Charity Commission warns charities to use annual reports to build public trust

24 October 2018

Charities have been warned by the Charity Commission for England and Wales to use their annual reports and accounts to communicate their charitable purpose effectively and build public trust through greater transparency. It comes after the commission published a monitoring exercise that revealed charities are submitting annual reports and accounts that do not meet the required standards.

Charity annual report

26% of charities with an income over £25,000 failed to provide reports and accounts that met the commission's basic benchmark. Common reasons included missing documents, inadequate information and accounts that did not balance. 36% reports and accounts from charities with an income of less than £25,000 were inadequate.
Public benefit reporting (the requirement for trustees to explain how they have fulfilled their charitable purposes) was also inadequate. Although there was an improvement in public benefit reporting compared with a similar monitoring exercise carried out in 2017, almost half of the reports and accounts examined by the commission did not demonstrate a clear understanding of this requirement.
Usually, this was because the annual report did not include an adequate description of the charity’s activities. In other cases, it was because the report did not make clear who was benefitting from the activities.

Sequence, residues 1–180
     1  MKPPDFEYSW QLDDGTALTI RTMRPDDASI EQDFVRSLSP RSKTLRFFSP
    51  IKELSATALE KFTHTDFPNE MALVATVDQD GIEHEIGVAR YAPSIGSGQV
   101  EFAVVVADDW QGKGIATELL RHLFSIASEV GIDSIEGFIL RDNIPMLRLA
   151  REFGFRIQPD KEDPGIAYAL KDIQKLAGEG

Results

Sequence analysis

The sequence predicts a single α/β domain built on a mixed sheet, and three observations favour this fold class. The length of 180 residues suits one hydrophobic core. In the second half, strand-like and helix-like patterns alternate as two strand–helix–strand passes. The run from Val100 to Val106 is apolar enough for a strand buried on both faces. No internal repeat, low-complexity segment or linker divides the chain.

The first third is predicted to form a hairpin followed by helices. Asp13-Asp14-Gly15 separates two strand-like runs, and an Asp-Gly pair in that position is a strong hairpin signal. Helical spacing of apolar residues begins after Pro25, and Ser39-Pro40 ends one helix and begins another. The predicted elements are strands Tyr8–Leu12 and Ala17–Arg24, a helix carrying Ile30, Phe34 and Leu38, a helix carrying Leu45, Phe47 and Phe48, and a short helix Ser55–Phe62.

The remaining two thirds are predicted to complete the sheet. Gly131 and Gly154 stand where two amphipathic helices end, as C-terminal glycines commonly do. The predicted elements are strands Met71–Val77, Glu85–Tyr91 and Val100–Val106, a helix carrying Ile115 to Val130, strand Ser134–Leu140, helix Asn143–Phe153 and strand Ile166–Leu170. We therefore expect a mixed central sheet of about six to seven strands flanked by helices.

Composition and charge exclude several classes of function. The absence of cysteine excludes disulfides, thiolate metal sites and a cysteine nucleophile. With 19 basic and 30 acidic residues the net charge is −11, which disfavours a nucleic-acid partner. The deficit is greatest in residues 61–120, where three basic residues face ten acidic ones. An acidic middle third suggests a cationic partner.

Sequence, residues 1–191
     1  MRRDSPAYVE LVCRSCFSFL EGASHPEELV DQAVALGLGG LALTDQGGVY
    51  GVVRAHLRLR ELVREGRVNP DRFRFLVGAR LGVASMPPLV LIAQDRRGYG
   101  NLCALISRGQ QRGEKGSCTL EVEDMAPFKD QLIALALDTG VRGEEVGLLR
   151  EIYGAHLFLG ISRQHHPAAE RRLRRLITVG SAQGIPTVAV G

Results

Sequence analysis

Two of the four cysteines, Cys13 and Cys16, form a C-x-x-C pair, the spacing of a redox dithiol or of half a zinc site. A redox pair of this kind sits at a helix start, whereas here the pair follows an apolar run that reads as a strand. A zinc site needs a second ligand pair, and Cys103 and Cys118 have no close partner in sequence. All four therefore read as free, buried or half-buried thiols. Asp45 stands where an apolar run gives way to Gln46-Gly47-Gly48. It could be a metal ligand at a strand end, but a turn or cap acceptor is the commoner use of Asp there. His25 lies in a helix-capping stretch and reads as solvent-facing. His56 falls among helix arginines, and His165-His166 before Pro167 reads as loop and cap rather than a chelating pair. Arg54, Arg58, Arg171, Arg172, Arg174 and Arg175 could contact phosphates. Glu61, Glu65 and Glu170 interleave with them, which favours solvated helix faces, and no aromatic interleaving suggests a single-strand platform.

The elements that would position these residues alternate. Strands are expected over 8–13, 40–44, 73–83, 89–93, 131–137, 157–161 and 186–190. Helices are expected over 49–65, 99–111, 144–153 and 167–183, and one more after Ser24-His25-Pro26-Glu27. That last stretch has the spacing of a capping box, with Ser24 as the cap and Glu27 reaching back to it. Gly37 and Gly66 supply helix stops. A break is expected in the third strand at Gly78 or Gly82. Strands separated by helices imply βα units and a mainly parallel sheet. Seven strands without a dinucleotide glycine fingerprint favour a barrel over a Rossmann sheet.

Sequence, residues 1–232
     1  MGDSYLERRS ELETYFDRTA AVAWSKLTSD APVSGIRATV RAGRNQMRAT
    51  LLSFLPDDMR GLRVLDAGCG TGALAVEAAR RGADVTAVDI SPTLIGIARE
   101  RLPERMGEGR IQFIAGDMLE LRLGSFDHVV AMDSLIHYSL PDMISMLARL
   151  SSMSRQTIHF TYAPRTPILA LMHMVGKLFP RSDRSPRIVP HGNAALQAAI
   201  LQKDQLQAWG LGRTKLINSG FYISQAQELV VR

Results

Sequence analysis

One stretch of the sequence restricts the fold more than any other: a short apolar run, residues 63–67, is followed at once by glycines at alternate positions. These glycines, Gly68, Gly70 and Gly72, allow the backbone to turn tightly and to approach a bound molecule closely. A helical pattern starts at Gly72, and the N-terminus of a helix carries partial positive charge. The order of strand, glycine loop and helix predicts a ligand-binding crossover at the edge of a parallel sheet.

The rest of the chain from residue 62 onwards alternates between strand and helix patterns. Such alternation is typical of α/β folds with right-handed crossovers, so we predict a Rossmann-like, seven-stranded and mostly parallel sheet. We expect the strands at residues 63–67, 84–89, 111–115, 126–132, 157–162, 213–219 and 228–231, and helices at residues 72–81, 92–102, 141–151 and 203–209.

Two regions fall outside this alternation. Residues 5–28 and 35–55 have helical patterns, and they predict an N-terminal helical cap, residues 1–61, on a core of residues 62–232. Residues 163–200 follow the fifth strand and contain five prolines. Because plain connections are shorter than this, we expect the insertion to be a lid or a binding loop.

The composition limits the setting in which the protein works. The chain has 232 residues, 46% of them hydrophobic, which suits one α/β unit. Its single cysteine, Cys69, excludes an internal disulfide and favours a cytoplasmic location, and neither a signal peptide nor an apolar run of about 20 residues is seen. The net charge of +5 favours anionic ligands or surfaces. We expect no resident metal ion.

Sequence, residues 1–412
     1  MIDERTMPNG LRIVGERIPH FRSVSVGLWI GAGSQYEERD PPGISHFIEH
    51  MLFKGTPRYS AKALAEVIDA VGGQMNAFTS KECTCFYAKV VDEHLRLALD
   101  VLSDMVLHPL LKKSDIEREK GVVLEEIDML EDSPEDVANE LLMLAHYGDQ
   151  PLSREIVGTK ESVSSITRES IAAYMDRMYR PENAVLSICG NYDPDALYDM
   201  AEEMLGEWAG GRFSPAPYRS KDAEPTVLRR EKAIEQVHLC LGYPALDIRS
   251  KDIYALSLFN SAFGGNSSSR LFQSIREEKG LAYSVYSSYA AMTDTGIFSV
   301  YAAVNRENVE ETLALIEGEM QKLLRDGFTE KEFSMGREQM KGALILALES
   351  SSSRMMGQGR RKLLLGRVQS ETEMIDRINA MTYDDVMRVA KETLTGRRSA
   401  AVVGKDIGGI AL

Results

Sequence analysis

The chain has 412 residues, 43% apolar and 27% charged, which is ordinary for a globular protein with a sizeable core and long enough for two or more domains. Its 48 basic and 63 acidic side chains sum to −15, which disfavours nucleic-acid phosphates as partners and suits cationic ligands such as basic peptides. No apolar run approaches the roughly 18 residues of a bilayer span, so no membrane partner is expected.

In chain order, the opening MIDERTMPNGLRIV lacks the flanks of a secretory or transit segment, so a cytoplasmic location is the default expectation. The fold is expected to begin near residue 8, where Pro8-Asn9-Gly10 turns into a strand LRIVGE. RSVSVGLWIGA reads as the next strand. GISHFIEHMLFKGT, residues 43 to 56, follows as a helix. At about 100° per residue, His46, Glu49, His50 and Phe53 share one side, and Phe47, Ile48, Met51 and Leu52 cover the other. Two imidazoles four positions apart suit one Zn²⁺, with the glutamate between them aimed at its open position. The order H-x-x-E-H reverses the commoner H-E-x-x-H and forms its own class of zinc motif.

Nigel Davies, head of accountancy services at the Charity Commission, warned that trustees’ annual reports and accounts must not be regarded as merely a box-ticking exercise. They provide an opportunity for charities to demonstrate to supporters, funders and the public that they are delivering on their core purpose. Mr Davies said: “the public no longer give charities the benefit of the doubt; they want evidence that charities make a difference when sing their money. Public reporting is an opportunity for charities to tell their story and explain to the public what they do and how they use charitable funds.”
Read more about the Charity Commission’s findings.
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